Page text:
The state is looking to solve a teacher shortage. Advocates for teachers at the state Board of Education meeting say schools haven’t been properly funded for much of the past decade, and that has taken a toll on teachers.
A quick search on the state Department of Education website finds more than one thousand open teaching jobs in the state.
“We’re in a position where not only do we have many fewer people that have been in the pipeline over the last few years, but there’s also a pull away either to other states or other professions and that’s what districts are really struggling with,” said Kansas Association of School Boards associate executive director for advocacy Mark Tallman.
The state school board has formed a committee to find what caused the shortage and how to get the state back on track.
“They increased their classroom sizes due to the budget cuts, they’ve cut programs, they’ve put more and more on the teachers and some of them said I’m through,” said board member Janet Waugh.
Waugh said it wasn’t always like this. She said her daughter teaches in the state now but teaching jobs used to be harder to find.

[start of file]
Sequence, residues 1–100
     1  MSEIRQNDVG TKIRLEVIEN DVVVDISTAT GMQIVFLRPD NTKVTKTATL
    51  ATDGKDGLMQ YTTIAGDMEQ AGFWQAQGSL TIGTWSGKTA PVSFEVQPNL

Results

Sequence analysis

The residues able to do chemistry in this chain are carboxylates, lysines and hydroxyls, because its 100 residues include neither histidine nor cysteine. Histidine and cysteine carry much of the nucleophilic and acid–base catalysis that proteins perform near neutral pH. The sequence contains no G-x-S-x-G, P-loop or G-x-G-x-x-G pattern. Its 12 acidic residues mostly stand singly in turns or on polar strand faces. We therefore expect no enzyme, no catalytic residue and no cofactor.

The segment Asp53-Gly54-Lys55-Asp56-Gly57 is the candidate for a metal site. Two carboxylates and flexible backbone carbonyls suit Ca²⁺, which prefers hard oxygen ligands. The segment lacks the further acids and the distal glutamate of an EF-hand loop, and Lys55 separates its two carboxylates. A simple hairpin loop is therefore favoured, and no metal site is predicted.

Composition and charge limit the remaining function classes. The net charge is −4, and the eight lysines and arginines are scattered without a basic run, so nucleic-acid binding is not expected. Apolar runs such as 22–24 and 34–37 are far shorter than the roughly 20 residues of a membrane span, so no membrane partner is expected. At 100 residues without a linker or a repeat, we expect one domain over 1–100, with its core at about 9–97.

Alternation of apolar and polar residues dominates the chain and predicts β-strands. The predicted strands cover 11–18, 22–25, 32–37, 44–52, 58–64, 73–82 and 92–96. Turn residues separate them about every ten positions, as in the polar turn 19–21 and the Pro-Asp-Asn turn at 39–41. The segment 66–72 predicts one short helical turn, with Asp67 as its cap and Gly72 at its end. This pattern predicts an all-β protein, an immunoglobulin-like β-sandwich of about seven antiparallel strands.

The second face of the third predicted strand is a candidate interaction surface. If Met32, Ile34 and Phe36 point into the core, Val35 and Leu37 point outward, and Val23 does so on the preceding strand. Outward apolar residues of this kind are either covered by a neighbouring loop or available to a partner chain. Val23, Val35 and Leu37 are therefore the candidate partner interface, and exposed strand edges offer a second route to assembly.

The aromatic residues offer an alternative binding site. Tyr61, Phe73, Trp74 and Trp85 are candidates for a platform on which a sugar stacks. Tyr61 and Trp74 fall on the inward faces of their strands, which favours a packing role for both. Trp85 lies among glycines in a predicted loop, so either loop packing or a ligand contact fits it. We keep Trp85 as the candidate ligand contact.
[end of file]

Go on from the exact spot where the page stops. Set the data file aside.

“She wanted a job in the greater Kansas City area, she was willing to go even 50 miles to be close to home. She could not find a job, so she finally accepted a job in Houston, and she taught in Houston for three years and was, fortunately, able to come here and get a job, and she’s been working in Kansas ever since,” Waugh said.
With a six and a half percent increase in education funding for the fiscal year 2020, people are optimistic schools can start filling more positions.
“With this good raise this year, we’re hopeful that we can increase the salaries and by increasing the salaries, we hope that we start getting folks understanding you can make a living wage, you can get into teaching,” said board chair Kathy Busch.
And that’s what Tallman is hoping for too.
“I think we’re pretty confident that with the additional funding provided this coming year and phased in, I think providing those salary increases is going to be a part of it,” said Tallman.
In addition to more money this year, lawmakers have added more money to education each of the next three years.
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